A RECENT decision by the New South Wales Industrial Relations Commission has indicated a termination can be considered harsh, unreasonable or unjust where there is a failure to provide reasonable consultation and notice prior to the termination.
The employee had been employed for more than 10 years as both a therapist and receptionist for the employer’s business.
Her employment was terminated on the ground the employer was restructuring the business.
No notice was provided to the employee and while an alternative casual position was offered, it was done so without any consultation with the employee.
In addition, the employer had discussed the new arrangements and given notice to two new employees in the week prior to the termination.
The employer gave evidence that the change of employment relationship was a result of professional advice to the effect that the business required the restructure in order to remain solvent.
The employee, however, submitted that the employer’s offer to the applicant to take up the new agreement was not genuine but was designed to remover her from employment and sever all contact between her and the business.
The commission found that the employer had a valid right to terminate the employee on the grounds of a genuine business restructuring.
However, he held that the lack of consultation, together with the pre-emptory means of termination of employment and the offer of an alternative arrangement without any notice at all, constituted harsh and unreasonable treatment.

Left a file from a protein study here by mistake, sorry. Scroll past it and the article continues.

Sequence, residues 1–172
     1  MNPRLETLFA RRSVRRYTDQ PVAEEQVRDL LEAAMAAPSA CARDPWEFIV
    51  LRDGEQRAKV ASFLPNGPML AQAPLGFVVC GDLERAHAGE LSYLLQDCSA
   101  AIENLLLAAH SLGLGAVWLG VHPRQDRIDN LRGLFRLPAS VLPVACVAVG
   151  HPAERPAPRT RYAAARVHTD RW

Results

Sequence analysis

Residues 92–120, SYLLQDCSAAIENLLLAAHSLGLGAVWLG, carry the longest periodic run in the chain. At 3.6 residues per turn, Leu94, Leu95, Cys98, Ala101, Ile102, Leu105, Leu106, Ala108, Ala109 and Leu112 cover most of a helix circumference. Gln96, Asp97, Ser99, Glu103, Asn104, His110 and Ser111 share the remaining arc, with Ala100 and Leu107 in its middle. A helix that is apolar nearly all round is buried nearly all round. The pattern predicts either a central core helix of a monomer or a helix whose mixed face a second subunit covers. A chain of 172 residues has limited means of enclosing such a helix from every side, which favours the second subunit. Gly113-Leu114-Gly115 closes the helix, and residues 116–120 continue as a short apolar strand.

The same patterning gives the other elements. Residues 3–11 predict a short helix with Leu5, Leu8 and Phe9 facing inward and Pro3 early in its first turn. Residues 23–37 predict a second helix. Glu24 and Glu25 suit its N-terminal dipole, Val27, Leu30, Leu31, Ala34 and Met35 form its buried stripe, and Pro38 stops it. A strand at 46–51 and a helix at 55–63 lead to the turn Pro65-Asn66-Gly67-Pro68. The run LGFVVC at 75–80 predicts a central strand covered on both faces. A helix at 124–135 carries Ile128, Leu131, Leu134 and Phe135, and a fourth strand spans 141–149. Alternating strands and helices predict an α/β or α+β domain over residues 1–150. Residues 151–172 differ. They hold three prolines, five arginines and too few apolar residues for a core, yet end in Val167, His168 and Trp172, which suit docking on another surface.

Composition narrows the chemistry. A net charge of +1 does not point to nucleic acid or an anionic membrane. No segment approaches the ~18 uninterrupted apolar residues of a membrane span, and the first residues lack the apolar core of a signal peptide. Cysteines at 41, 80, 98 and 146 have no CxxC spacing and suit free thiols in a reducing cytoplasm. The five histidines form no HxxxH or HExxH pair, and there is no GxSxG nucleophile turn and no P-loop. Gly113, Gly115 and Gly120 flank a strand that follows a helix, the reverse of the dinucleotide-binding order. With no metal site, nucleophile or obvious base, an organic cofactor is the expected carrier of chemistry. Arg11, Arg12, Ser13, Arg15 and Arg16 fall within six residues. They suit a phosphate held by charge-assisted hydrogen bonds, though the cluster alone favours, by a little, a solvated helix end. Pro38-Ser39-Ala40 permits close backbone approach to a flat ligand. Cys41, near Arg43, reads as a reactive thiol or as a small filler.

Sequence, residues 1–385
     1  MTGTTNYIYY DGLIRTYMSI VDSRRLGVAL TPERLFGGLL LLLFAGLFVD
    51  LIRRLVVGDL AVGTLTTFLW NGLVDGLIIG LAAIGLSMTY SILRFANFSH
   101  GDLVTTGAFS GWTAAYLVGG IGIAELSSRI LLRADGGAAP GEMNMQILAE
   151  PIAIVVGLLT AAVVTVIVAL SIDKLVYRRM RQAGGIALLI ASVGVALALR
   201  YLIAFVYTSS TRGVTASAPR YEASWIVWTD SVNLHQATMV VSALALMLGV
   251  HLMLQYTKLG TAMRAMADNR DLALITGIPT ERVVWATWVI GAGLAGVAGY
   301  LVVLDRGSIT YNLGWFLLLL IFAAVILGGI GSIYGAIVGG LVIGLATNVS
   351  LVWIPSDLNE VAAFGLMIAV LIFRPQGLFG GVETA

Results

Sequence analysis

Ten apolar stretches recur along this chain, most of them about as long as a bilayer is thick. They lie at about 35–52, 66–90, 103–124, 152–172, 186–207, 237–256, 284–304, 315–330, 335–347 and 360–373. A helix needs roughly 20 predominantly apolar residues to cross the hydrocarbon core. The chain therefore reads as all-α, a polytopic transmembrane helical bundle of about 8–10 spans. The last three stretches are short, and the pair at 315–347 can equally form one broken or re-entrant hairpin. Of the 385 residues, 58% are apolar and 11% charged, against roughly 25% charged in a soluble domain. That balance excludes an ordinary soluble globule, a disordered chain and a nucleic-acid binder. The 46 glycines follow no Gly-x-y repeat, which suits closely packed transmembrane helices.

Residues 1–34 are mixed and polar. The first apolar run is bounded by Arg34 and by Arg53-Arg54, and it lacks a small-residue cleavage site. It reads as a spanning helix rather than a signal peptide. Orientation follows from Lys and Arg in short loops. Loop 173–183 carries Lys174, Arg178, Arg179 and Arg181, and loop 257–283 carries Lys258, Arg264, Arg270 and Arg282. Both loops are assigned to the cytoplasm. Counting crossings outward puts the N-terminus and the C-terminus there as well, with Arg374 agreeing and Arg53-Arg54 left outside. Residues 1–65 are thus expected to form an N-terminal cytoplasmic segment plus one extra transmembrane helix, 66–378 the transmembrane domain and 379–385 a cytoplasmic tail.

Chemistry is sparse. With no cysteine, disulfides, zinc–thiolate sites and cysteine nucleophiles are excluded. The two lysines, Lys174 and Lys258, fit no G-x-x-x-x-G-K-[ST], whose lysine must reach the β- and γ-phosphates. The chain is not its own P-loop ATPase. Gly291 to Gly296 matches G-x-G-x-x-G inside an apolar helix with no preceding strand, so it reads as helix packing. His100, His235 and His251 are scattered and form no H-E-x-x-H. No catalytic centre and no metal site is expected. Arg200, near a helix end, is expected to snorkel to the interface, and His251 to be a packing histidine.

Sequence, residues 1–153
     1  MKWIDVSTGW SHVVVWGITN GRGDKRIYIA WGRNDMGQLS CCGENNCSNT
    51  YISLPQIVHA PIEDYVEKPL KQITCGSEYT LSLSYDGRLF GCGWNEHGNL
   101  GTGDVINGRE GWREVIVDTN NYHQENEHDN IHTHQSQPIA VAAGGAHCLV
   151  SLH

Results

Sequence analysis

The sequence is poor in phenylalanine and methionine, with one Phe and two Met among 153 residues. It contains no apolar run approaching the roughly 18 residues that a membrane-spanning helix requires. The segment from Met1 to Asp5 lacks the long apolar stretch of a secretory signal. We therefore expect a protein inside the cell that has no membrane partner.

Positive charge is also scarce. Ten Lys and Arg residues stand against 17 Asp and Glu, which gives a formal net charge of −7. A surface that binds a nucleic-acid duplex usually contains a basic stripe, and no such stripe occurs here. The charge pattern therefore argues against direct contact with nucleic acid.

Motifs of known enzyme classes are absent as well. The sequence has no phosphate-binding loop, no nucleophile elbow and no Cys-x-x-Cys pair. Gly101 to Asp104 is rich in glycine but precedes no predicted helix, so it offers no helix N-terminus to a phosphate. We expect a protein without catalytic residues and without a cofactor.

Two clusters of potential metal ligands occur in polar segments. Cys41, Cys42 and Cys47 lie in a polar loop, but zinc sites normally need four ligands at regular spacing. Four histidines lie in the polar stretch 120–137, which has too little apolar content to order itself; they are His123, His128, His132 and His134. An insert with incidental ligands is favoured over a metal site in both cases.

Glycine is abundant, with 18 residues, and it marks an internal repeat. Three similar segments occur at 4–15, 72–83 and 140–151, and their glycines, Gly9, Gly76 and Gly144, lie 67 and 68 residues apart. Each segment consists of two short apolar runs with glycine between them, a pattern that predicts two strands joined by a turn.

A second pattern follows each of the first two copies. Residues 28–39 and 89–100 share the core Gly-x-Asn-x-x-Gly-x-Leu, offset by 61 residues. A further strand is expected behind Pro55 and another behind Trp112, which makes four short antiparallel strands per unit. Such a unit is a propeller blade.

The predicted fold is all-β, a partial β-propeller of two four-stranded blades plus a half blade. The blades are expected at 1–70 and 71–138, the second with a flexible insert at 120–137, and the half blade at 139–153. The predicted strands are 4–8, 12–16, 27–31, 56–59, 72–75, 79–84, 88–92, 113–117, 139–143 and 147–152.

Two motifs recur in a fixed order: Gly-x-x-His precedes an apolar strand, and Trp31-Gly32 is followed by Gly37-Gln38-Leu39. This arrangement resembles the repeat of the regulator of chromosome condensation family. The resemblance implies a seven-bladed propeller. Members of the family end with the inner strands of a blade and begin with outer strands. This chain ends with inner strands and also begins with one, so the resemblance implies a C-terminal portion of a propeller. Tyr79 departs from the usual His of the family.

The commission found that as reinstatement or re-employment was not appropriate, compensation was awarded for 10 weeks’ wages, totalling $8,000.
This decision is largely consistent with the Minimum Conditions of Employment Act, which applies in Western Australia.
This act states that where an employer has decided to take action that is likely to have a significant effect on an employee, or make an employee redundant, the employee is entitled to be informed by the employer as soon as reasonably practicable after the decision has been made of that action.
The employer must also discuss with the employee the likely effects of the action in respect of the employee and the measures that may be taken by the employee or the employer to avoid or minimise a significant effect.
Carla Paratore, solicitor
Ian Curlewis, partner
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